Hostas are often called “shade loving” plants. For the average gardening public, this helps them to understand that these plants are adapted to growing in the shade. However, for more advanced hobbyists or professionals, this is a misnomer.
All vascular plants live by a process called photosynthesis. They capture the energy from the sun and, unlike animals, they make their own food. For photosynthesis to work, a plant must have five things including light, water, nutrients from the soil and the air, chlorophyll and suitable temperature. The minimum levels of each of these factors required may vary from species to species but they all must be present in certain amounts for photosynthesis to take place in that plant.
For a plant to be truly a “shade lover” would imply that it could complete photosynthesis in a dark closet. That is clearly not the case here, so hostas are actually “shade tolerant” plants which can survive and often thrive at low (but not zero) light levels. In fact, most of them will do best in more sun but, to keep them aesthetically pleasing, we sometimes have to make concessions.
When people classify themselves as either a “shade” or a “sun” gardener, they often act as if we should all understand exactly what they mean. Here again, those terms can bring to mind a wide range of light conditions. We will define garden light levels as follows:
_ 1. Full Sun – Plants that are designated as full sun plants are usually those that are native to open, prairie or swampy type environments that support few or no trees. They are conditioned to having sunshine hit their leaves from sunup in the morning until sundown in the evening. That is the accurate definition of FULL SUN!
However, over the years, gardeners and horticulturists have come to understand that these plants can still perform adequately while being exposed to less than total sunlight all day long. The common rule of thumb is that you need a MINIMUM of around 6 hours of direct sunlight per day for these plants to thrive. Full sun plants that get less than that amount will develop stems that are overly long and weak i.e. etiolated, which tend to fall over. Such plants will not flower well and will not be as vigorous as those getting more sunlight. Just remember that those 6 hours are a minimum and more would be better.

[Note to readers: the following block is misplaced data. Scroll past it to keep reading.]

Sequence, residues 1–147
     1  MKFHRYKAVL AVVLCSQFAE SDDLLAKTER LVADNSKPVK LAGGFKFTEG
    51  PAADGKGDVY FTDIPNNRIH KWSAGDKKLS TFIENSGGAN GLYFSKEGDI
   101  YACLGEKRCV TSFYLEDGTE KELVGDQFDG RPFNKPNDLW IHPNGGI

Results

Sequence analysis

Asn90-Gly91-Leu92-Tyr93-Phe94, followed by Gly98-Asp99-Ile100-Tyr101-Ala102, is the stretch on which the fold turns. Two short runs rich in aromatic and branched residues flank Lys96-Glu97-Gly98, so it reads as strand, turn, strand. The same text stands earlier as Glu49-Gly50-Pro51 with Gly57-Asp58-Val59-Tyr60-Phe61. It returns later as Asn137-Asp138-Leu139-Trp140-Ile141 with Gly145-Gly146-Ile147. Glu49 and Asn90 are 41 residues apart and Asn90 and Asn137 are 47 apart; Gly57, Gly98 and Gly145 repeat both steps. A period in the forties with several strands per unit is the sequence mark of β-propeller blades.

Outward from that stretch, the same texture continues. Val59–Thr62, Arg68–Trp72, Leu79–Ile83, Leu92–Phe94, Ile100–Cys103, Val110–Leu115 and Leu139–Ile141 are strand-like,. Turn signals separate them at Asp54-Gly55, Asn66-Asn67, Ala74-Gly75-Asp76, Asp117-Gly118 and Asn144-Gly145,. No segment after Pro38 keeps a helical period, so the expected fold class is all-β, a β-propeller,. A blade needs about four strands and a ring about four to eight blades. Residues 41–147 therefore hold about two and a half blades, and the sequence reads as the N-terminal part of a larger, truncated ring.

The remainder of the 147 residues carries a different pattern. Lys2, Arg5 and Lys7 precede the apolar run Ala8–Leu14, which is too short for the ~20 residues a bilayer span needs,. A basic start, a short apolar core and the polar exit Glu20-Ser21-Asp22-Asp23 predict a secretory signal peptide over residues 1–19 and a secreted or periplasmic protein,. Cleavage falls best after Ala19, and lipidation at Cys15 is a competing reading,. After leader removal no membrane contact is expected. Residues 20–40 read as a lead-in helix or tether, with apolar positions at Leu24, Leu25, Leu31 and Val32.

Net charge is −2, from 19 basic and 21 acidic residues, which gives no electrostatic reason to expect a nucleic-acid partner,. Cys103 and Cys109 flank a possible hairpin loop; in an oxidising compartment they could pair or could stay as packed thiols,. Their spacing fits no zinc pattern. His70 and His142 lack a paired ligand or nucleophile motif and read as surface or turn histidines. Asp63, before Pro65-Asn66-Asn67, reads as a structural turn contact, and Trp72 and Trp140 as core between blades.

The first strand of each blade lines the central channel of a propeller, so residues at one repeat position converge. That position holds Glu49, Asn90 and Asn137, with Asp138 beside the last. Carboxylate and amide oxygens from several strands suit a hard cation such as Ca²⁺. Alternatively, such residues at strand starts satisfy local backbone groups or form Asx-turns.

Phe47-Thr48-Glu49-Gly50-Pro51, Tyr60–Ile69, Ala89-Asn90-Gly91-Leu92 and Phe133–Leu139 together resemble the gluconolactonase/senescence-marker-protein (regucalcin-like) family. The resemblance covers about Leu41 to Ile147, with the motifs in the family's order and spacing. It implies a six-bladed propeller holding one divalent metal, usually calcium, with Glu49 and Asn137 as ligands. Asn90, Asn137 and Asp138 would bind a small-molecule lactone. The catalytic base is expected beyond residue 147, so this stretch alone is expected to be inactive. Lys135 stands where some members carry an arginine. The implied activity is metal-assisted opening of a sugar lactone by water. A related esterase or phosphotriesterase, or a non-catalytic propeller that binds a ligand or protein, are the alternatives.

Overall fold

_ 2. Shade – So, if 6 hours is needed for full sun, it would be a simple conclusion to assume that shade plants can live and even thrive in less than 6 hours. Again, although we talk about shade as if it were a single unit, the reality is that there are generally considered to be 3 categories of shade in the home landscape.
_ a. Light Shade a.k.a. Dappled Shade or Partial Shade – This is the situation where you have just a few trees in the landscape or when you have trees with small leaves such as honeylocust. As the sun passes over the horizon, the plants in the shaded areas may receive a total of up to 5 or 6 hours of direct sunlight. The key is that they will get it a few hours here, an hour there and another hour later. It will not be 5 or 6 hours in a row. This will be a great growing environment for our shade tolerant plants.
_ b. Medium Shade a.k.a. Open Shade or High Shade – This is the situation when you have many large deciduous trees such as oaks where the bottom branches may be 20 or 30 feet off the ground. As the sun passes over head, the plants beneath may only receive direct sunlight for a couple of hours total during the day but the environment is generally “bright”. In this landscape, a person could take a seat under the trees and easily read a book but rarely have direct sunlight penetrate onto the paper. This is also a very good environment for shade tolerant plants.
_ c. Deep Shade a.k.a. Dark Shade or Dense Shade – Deep shade will occur beneath evergreen trees such as pines or spruce or deciduous trees with large leaves such as Norway maples. This will also be the case close to the north side of buildings. Under these conditions, as the sun moves across the horizon during the day, no direct rays will strike the plant. The only light will be that which is reflected back into the dark from the surroundings.
This is a very difficult environment for growing shade tolerant plants. Hostas and others will usually survive these conditions but they will not thrive. For instance, hostas growing under the first two levels (a & b) of shade will add new divisions to the clump at a rate consistent with that expected of a particular cultivar. Those same hostas grown in the deep shade will multiply at a much, much slower rate, if at all. They will also develop thinner and, often, fewer leaves than would the same cultivar planted in shade levels a and b.